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NCJ Number: NCJ 231168   Add to Shopping cart   Find in a Library
Title: Lessons Learned in Implementing the First Four Tribal Wellness Courts
Author(s): Karen Gottlieb, Ph.D., J.D.
Date Published: 12/2005
Page Count: 60
Sponsoring Agency: National Institute of Justice
US Department of Justice
Office of Justice Programs
United States of America
Grant Number: 2001-DC-BX-0500
Sale Source: National Institute of Justice/NCJRS
Box 6000
Rockville, MD 20849
United States of America

NCJRS Photocopy Services
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Document: PDF 
Type: Instructional Material
Language: English
Country: United States of America
Annotation: The "lessons learned" presented in this paper were drawn from the experiences of the first four tribal wellness courts (drug courts): Hualapai (Arizona), the Blackfeet (Montana), Fort Peck reservation (Montana), Poarch Creek (Alabama).
Abstract: Although these tribal drug courts had distinctive experiences in planning and implementing court procedures and programs, they exhibited a similar pattern of strengths and weaknesses. The intent of identifying lessons learned from these court programs is that other tribes learn from their experiences and avoid the same mistakes. The first of 10 lessons discussed is to develop a strong structure for the court team. The responsibility of the team is to integrate the members’ skills and backgrounds in achieving a holistic approach to treating court participants who have substance abuse problems. The team should be composed of representatives from across the reservation, including tribal elders and others who embody traditional tribal values. The second lesson is to use the informed consent model for admittance to the court program, which involves the selection of referral points and the use of legal procedures that protect the individual’s due-process rights. The third lesson is to assess readiness for change in potential participants through legal and clinical screening for eligibility. A fourth lesson is to integrate culture, not religion, into the court, which involves providing access to holistic, structured, and phased substance abuse treatment services that incorporate culture and tradition. Other lessons discussed involve monitoring participants during times when illegal acts are likely to occur; rewarding positive behaviors; choosing a judge who can be both a leader and a team player; collecting automated court information systematically from the beginning of the court; developing a written curriculum for court staff; and emphasizing early outreach within the community. 2 notes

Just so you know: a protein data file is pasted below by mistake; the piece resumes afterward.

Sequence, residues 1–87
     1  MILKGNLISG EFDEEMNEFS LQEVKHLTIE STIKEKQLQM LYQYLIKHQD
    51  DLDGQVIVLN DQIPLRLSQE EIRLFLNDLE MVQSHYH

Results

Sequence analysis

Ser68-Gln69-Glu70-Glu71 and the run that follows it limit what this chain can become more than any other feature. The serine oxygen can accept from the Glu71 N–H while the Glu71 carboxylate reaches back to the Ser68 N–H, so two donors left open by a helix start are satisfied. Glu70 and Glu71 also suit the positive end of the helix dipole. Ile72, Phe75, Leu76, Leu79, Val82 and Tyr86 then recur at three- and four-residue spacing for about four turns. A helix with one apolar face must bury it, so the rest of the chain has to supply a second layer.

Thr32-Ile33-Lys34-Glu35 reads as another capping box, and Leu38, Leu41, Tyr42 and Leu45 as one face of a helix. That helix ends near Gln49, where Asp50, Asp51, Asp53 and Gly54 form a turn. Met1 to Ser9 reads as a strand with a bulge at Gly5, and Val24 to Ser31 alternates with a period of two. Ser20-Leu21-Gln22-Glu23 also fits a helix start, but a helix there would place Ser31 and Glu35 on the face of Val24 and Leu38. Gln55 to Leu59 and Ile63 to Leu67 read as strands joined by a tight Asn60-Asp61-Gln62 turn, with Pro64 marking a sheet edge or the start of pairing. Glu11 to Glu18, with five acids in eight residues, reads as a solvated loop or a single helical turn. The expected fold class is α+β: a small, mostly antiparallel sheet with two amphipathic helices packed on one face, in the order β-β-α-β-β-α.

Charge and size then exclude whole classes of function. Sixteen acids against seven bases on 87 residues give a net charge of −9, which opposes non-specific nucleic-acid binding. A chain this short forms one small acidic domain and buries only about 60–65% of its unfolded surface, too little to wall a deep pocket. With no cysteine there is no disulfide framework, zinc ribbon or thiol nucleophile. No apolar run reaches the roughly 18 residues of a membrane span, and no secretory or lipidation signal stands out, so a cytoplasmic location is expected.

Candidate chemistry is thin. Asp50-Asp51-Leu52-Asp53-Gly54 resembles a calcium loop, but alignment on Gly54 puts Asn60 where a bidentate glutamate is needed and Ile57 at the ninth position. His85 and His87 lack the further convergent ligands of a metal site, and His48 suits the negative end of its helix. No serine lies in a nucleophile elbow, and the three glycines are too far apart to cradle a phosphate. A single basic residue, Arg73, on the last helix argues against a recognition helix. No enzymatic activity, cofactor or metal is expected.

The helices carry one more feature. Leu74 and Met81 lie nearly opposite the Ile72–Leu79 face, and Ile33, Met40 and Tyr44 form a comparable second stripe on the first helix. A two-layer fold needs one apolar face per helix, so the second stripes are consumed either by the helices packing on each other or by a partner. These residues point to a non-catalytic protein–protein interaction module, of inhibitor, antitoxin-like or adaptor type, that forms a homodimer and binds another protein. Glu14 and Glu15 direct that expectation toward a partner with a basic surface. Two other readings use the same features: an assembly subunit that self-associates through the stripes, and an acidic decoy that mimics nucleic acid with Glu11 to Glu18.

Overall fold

Main Term(s): Drug Courts
Index Term(s): Indian justice ; Tribal court system ; Indian affairs ; American Indians ; Program planning ; Program implementation ; Juvenile drug courts ; Tribal Courts
Note: For reports related to the evaluation of these courts, see NCJ-231167, NCJ-231166, NCJ-231165, NCJ-231162, and NCJ-231161.
   
  To cite this abstract, use the following link:
https://www.ncjrs.gov/App/Publications/abstract.aspx?ID=253217

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